In an effort to gain access to the education savings market, investment management companies are increasingly looking to partner with existing state-sponsored "529" college savings plans (See MFMN, 9/3/01). But standards don't yet exist for 529 partnerships, so the nature of the arrangements among these companies is different with each one.
Each state can offer a 529 plan in conjunction with an investment management firm. That has created a somewhat limited market, because, unlike 401(k) and IRA plans, the 529 plans are limited to one per state, and some states are only offering them to in-state residents.
Currently, over 35 states offer plans, and almost all of the remaining ones have commitments from investment companies or are taking proposals for their plans right now, according to Joseph Hurley, CEO of SavingForCollege.com of Pittsford, N.Y.
To counter that, firms have begun partnering with existing plans.
That can be advantageous for the original plan sponsors because partners can bring resources such as additional distribution and marketing capabilities. Thus far, each program has come to a different partner arrangement and is utilizing those additional resources in a slightly different way, according to industry observers.
"It's a developing market. I don't think there's any set way that it's happening," said Sandra Forcier, director of marketing for Schoolhouse Capital, of 529 partnerships. "There are players playing all the roles themselves. There are players that are more in a shared environment, and then there are players that are truly administrative."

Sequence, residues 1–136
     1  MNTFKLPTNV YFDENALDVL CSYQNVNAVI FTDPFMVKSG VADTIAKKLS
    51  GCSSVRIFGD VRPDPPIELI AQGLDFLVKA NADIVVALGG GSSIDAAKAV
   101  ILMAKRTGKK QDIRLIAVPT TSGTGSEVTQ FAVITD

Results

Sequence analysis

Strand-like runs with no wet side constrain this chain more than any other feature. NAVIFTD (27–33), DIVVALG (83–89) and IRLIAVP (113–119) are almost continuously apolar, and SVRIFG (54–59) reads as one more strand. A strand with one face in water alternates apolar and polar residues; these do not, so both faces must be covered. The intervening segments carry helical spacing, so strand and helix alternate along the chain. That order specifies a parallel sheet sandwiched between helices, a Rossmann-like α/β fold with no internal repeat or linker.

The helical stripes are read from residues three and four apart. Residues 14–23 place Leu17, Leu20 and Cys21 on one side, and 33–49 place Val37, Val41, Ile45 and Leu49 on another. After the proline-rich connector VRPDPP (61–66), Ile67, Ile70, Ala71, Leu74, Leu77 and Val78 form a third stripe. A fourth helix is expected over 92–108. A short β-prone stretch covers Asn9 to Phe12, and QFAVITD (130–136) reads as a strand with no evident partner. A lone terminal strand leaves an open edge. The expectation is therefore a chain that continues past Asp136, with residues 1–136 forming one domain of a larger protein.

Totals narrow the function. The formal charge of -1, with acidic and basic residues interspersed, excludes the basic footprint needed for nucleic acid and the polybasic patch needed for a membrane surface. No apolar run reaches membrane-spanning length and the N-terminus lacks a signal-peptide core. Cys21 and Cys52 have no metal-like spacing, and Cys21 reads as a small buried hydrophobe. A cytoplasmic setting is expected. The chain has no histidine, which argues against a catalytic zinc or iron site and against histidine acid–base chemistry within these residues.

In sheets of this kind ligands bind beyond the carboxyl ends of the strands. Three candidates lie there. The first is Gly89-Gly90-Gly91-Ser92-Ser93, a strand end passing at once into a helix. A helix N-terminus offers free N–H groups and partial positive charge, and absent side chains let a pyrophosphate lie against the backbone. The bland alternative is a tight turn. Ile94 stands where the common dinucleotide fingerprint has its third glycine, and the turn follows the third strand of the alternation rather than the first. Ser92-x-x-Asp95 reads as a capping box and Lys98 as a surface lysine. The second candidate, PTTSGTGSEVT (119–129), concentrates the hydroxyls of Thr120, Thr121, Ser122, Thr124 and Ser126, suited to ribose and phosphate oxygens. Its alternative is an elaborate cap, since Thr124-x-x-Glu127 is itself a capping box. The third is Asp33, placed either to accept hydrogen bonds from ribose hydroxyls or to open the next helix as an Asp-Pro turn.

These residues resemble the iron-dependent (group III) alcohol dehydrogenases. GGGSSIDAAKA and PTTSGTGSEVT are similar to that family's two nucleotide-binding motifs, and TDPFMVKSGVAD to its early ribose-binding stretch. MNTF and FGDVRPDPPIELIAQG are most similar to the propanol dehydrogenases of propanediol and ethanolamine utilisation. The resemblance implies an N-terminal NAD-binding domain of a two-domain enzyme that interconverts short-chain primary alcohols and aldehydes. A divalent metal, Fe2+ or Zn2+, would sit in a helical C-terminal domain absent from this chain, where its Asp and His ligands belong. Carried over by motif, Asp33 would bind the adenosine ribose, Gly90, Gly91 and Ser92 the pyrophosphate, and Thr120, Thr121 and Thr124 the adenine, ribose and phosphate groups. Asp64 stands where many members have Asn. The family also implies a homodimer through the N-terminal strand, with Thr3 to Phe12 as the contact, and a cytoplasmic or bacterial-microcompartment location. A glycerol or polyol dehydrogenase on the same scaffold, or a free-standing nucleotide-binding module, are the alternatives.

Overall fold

Separate Schooling Subsidiary
Schoolhouse Capital was established late last year by State Street Global Advisors as a separate subsidiary to focus specifically on the education savings market. Schoolhouse administers a 529 plan in New Mexico and has recently announced partnerships for that plan with OppenheimerFunds and New York Life Investment Management. Previously, the New Mexico plan was distributed directly through E*TRADE and through employer work sites.
With the formation of these partnerships, Oppenheimer and NYLIM will both provide distribution channels for the plan in addition to adding their own investment options. And in Schoolhouse's arrangement, the 529 plan will be co-branded using all three company names, according to the company. While Janus, INVESCO and MFS all have investment options within the New Mexico plan, none have entered an agreement with Schoolhouse to offer additional resources.
AIM Management Group has partnered with 529 plans in Maine, Alaska, and Nebraska, but in very different ways. In Maine, Merrill Lynch is the program administrator and distributor and AIM only acts as a product provider, according to a company spokesman. In Alaska, T. Rowe Price Assoc. is the administrator, ManuLife acts as a distributor, and again AIM simply offers some of its products within the plan.
In Nebraska plan, however, AIM has taken on a much more extensive role. Union Bank & Trust is the program manager there, and earlier this month AIM partnered with the company to provide investment products, management and distribution, as well as to act as a servicing agent for the plan, the spokesman said.